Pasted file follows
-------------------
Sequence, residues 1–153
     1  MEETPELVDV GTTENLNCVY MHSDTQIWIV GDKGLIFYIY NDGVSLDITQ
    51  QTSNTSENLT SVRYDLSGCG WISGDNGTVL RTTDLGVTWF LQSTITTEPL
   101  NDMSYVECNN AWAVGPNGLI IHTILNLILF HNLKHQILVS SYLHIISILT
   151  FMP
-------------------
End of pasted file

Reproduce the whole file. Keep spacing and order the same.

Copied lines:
Sequence, residues 1–153
     1  MEETPELVDV GTTENLNCVY MHSDTQIWIV GDKGLIFYIY NDGVSLDITQ
    51  QTSNTSENLT SVRYDLSGCG WISGDNGTVL RTTDLGVTWF LQSTITTEPL
   101  NDMSYVECNN AWAVGPNGLI IHTILNLILF HNLKHQILVS SYLHIISILT
   151  FMP